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The Military Health System (MHS) provides health care to active duty service members and their families, retirees and their families, and Guard and Reserve members serving on active duty and their families. In January 2004, the MHS began implementation of the Armed Forces Health Longitudinal Technology Application (AHLTA), DoD's global electronic health record system. AHLTA will ultimately be used by all providers in the military's direct care system at the point of care. The authors describe a four-part framework they recommend that DoD adopt in measuring AHLTA's contribution to MHS performance: (1) outcome measures capturing valued domains of system performance plausibly influenced by the presence of AHLTA; (2) “treatments” — ways of using AHLTA that are expected to influence one or more outcome measures, (3) a logic model describing the mechanisms or processes by which uses of AHLTA (i.e., treatments) influence outcome measures, and (4) an evaluation design for estimating AHLTA's effect on outcome measures in quantitative terms.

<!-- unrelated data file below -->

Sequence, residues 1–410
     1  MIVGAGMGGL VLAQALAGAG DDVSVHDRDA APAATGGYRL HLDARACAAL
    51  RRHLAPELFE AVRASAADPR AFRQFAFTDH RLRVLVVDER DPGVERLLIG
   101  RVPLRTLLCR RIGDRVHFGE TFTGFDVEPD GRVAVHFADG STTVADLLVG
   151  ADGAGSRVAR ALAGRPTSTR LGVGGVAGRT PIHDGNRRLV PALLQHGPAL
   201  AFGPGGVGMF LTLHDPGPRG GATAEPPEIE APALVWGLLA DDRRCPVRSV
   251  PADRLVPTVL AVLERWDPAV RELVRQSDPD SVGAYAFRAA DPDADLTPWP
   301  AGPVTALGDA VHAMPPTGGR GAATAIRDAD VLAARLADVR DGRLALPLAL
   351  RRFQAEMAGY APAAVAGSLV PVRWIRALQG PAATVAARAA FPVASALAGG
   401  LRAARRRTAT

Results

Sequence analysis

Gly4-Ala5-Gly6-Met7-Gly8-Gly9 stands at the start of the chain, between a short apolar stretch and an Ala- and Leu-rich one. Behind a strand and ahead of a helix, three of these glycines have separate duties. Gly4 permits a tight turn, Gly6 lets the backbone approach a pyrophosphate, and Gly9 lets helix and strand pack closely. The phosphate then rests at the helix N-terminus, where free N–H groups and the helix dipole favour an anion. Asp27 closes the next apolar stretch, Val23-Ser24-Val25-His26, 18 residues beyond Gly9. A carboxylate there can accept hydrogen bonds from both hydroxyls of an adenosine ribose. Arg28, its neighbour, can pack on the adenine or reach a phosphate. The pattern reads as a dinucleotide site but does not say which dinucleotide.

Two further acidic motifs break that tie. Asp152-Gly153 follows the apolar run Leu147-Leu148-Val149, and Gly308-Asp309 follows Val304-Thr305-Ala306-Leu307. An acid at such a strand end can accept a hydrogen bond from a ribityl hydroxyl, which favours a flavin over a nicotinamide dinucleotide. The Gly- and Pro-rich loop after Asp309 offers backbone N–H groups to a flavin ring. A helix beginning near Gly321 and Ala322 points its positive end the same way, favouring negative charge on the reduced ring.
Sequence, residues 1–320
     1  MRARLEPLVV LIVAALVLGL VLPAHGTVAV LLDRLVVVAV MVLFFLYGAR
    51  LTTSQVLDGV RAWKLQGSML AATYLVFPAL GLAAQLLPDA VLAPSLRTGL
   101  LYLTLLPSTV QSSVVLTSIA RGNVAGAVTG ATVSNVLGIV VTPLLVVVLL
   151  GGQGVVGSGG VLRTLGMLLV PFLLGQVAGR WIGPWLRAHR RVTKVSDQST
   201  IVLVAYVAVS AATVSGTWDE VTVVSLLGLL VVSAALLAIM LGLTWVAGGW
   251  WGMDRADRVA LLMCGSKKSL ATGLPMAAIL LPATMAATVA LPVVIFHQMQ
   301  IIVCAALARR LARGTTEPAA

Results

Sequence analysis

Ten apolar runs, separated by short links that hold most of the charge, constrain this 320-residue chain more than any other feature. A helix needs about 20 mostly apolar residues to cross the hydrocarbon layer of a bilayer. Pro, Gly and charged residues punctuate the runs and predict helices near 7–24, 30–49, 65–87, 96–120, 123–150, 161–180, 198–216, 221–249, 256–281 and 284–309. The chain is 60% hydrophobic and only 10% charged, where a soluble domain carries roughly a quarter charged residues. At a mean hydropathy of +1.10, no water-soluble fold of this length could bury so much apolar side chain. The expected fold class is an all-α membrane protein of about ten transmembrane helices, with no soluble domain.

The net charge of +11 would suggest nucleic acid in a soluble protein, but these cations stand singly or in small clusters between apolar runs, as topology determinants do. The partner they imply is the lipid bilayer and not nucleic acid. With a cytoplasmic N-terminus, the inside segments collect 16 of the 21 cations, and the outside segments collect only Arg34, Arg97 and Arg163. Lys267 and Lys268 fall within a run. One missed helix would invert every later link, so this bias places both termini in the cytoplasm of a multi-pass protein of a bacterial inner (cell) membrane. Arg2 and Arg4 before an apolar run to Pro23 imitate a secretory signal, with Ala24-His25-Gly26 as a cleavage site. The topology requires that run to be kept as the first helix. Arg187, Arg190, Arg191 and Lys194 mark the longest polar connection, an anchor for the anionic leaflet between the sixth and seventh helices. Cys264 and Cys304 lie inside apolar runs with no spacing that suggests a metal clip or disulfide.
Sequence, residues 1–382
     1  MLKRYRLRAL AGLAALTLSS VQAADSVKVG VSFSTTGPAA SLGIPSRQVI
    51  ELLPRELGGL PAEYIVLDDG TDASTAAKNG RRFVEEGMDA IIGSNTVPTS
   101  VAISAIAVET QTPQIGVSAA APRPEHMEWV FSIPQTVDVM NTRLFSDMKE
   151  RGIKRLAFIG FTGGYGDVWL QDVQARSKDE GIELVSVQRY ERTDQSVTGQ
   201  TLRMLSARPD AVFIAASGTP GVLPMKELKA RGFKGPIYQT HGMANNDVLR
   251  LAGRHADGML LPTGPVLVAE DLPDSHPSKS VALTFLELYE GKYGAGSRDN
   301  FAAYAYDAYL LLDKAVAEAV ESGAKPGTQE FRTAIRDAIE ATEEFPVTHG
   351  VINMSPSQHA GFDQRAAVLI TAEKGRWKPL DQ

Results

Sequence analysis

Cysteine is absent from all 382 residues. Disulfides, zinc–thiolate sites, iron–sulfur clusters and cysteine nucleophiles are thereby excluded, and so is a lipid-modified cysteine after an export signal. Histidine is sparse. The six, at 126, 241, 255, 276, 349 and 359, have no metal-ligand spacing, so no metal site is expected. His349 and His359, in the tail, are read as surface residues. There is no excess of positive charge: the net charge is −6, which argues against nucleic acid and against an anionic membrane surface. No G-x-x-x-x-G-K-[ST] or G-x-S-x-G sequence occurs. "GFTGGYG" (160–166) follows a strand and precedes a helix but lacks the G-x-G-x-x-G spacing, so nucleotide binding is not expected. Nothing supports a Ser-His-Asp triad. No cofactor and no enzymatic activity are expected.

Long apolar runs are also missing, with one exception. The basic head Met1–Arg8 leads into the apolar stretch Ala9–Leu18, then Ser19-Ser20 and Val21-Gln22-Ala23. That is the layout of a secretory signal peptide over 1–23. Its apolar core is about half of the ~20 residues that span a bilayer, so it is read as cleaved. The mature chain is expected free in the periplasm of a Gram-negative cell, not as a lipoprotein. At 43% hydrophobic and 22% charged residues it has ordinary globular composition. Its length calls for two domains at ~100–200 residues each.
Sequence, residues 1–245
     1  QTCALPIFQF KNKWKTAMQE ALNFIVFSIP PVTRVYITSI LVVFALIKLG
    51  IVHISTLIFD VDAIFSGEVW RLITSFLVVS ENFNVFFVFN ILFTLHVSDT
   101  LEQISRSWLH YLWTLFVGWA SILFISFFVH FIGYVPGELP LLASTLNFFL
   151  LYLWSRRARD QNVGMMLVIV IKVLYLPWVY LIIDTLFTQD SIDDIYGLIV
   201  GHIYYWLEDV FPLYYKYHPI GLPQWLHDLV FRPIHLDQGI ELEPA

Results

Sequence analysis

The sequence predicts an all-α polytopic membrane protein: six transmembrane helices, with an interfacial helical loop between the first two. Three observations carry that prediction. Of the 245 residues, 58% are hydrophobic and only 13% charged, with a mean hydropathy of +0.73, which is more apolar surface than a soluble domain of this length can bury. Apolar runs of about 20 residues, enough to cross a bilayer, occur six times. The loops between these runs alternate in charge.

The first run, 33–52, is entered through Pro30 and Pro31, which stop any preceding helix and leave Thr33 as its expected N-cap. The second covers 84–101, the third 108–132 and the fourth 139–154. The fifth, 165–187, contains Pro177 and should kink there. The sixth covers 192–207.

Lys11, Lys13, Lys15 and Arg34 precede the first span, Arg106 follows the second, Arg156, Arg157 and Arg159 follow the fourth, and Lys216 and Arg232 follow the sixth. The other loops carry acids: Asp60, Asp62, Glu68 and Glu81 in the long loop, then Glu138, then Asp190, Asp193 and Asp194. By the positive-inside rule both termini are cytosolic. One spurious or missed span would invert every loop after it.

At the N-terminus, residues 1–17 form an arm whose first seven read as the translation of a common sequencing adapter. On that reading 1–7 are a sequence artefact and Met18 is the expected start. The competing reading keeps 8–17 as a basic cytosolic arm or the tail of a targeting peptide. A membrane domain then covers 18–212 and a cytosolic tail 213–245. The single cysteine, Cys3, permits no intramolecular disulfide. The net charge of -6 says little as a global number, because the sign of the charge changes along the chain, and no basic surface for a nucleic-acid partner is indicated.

The research reported here was sponsored by the Office of the Secretary of Defense (OSD). The research was conducted jointly by the Center for Military Health Policy Research, a RAND Health program, and the Forces and Resources Policy Center, a RAND National Defense Research Institute (NDRI) program. NDRI is a federally funded research and development center sponsored by the OSD, the Joint Staff, the Unified Combatant Commands, the Department of the Navy, the Marine Corps, the defense agencies, and the defense Intelligence Community.

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